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Heart Murmur in Babies

By Heather Vale ; Updated August 14, 2017

Hearing your baby’s doctor tell you that he detects a heart murmur likely sends immediate concerns through your mind. However, heart murmurs are quite common in babies, and many kids have one at some point. It’s not actually a disorder or illness, but a description of how the heart is operating. Usually it’s nothing to worry about, and it doesn’t affect the health of the child.


The heart has four separate chambers, and four one-way valves attaching them. The two lower chambers pump, and they’re called ventricles. The two upper chambers accept incoming blood, and they’re called atria.

Blood that’s low in oxygen comes from the body into the right atrium, then goes through a valve into the right ventricle, and over to the lungs to get more oxygen. That oxygen-rich blood returns to the heart through the left atrium, then across a valve into the left ventricle. From there it’s pumped through the aorta, which is a large blood vessel, and on to smaller blood vessels throughout the body.

A heart murmur is the term used when an extra swishing sound is heard besides the normal heartbeat, which is the sound of the valves opening and closing. A doctor can hear these sounds with a stethoscope, but a child needs to sit very quietly for that to happen, because his heart is near his chest wall, and outside sounds can get picked up. You might be asked to hold your baby in your lap while the doctor listens, or calm him down; if he’s crying, it’s almost impossible to hear a murmur.


Although parents often fear the worse, not all heart murmurs are serious. They’re graded on scale from 1 to 6, where 1 is almost inaudible and 6 is quite loud. When your baby’s doctor hears it, he’ll note where in the heart it occurs, at what point in the heartbeat cycle, what type of sound it makes, and whether the noise changes when your child moves. If further evaluation is required, your child will be referred to a pediatric cardiologist.

Sometimes a heart murmur will be heard at one appointment, when it wasn’t noticed at the last one. This could be because heart murmurs are better heard when children are in certain positions or have a different heart rate. It could also mean it’s due to a heart problem that’s recently developed, or one that’s been there since birth but hasn't been severe enough to make a detectable murmur.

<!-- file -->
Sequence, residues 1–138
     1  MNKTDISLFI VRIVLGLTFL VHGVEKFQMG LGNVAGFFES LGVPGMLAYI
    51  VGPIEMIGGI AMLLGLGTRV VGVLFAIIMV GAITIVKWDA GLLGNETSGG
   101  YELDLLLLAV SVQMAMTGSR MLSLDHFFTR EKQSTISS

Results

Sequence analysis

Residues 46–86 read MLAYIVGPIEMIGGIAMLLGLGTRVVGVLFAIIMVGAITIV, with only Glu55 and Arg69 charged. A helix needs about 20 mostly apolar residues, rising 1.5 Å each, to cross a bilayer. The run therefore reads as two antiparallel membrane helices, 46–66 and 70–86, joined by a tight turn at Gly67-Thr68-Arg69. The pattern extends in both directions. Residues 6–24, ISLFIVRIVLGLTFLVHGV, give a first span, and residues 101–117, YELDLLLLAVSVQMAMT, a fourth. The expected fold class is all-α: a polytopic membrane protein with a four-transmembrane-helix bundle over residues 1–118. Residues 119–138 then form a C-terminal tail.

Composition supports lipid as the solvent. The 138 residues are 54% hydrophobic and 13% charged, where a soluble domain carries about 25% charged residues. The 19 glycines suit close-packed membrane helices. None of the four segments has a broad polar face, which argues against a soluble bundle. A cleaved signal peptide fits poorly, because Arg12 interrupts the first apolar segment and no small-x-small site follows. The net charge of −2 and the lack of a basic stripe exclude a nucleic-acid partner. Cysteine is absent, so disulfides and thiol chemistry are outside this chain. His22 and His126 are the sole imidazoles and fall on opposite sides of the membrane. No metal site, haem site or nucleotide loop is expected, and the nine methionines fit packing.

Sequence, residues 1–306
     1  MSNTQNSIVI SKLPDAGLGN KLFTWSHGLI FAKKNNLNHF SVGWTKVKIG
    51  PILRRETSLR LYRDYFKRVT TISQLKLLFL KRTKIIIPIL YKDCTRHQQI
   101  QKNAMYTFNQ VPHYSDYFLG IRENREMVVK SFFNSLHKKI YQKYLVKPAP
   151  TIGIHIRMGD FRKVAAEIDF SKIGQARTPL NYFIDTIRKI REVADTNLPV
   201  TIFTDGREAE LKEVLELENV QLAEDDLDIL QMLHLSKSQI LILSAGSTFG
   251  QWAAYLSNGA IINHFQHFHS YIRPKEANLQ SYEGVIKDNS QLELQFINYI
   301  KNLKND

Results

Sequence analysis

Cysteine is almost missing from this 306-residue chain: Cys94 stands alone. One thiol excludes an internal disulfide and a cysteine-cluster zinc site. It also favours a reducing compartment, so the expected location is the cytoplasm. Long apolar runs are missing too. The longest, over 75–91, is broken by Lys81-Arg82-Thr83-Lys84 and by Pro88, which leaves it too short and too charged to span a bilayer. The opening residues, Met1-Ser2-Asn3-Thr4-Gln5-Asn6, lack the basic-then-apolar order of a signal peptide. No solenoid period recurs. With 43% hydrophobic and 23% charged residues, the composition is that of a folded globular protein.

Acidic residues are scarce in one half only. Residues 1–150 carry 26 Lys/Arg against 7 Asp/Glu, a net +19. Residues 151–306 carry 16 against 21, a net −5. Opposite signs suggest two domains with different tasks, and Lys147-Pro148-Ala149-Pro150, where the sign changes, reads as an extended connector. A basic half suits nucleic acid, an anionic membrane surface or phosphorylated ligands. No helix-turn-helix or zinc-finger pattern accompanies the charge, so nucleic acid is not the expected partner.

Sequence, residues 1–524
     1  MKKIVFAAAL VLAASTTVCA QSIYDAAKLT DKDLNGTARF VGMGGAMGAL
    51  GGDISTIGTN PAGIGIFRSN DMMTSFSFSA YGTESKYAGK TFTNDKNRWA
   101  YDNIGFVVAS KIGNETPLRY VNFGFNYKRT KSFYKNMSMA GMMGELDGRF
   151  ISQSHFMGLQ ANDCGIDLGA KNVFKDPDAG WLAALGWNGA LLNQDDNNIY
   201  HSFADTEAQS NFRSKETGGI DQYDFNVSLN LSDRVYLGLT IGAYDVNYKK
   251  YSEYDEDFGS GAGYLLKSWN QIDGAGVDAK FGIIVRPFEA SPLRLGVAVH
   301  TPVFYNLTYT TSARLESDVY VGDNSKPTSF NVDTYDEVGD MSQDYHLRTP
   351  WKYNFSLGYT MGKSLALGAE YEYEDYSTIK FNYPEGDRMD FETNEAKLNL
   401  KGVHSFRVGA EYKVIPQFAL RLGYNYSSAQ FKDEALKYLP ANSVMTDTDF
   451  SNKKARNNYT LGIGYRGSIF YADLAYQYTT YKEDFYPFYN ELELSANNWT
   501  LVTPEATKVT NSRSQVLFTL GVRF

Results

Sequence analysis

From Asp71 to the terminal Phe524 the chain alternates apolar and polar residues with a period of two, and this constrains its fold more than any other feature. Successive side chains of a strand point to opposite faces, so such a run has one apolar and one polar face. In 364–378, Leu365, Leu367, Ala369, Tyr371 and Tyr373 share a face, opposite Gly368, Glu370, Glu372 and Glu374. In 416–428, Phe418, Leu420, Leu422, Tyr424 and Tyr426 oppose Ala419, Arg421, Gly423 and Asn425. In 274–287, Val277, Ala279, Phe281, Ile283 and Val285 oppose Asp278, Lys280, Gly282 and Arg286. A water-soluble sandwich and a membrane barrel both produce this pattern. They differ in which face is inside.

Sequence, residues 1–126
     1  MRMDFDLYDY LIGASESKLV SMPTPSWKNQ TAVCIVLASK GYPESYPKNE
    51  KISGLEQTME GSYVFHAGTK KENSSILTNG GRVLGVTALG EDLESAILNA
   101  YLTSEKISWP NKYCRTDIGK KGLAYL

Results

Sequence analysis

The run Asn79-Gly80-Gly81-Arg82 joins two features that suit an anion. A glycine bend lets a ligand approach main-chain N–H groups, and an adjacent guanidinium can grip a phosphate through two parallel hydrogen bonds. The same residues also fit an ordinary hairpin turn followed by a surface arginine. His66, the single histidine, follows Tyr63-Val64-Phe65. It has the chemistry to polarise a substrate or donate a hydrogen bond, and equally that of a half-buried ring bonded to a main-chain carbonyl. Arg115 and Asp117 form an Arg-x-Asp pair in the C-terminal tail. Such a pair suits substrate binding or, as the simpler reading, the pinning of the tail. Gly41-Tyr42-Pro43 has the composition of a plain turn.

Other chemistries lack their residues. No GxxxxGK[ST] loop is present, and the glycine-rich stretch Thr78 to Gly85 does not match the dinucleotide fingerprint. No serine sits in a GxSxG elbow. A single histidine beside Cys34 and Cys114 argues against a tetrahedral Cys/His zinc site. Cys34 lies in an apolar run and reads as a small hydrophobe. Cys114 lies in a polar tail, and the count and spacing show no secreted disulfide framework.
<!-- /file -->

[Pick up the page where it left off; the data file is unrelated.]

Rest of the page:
Innocent Murmurs

Innocent, or functional, heart murmurs are the most common kind, where the murmur isn’t associated with any health threat, and the heart is normal and healthy. If your baby has this type of murmur, it will come and go throughout his childhood, and will likely eventually go away on its own. There is no special treatment, diet or restrictions on activities.

Congenital Heart Defects

About 1 percent of babies are born with a congenital heart defect, and a heart murmur could be a sign of the problem. Your baby may or may not have any additional symptoms, and they could show up shortly after birth, or not until he’s older. If your baby’s doctor thinks the heart murmur is more than just an innocent murmur, your baby will be referred to a pediatric cardiologist for further tests. This might include a chest X-ray or echocardiogram (ECG), which is an ultrasound of the heart.

Other symptoms of heart disease in infants include blueness in the lips, rapid breathing, difficulties with feeding and failure to thrive.

Congenital heart defects can be inherited, linked to premature birth or disorders like Down syndrome, or caused by environmental factors such as exposure to industrial-strength chemicals. The mother’s health during pregnancy can also have an impact; pregnant women who get German measles, have poorly regulated diabetes or a body metabolism error called PKU have a higher chance of giving birth to a baby with a heart defect. A mother drinking alcohol during pregnancy, or a father using cocaine before conception, might also have an effect. However, congenital heart defects are often found in babies without any known risk factors.

Common Heart Defects

Structural defects, where holes are found in the heart and narrow valves, are the most common type of heart defect. Septal defects occur in the walls between the heart’s upper and lower chambers; a hole in the septum might allow blood to leak between chambers, meaning the heart has to work too hard and could get enlarged. Smaller holes repair themselves over time, but a larger hole might need surgery.

Valve abnormalities are common too, and occur when one of the heart’s valves is too narrow, too thick, too small, or blocked, so it doesn’t do its job of preventing the blood from flowing backwards. Balloon catheters can sometimes open the blocked valve without surgery; in other cases, an operation is required.

Heart muscle disorders, also called cardiomyopathy, can cause the heart muscle to be too thick or weak, and reduce the heart’s ability to pump blood normally.

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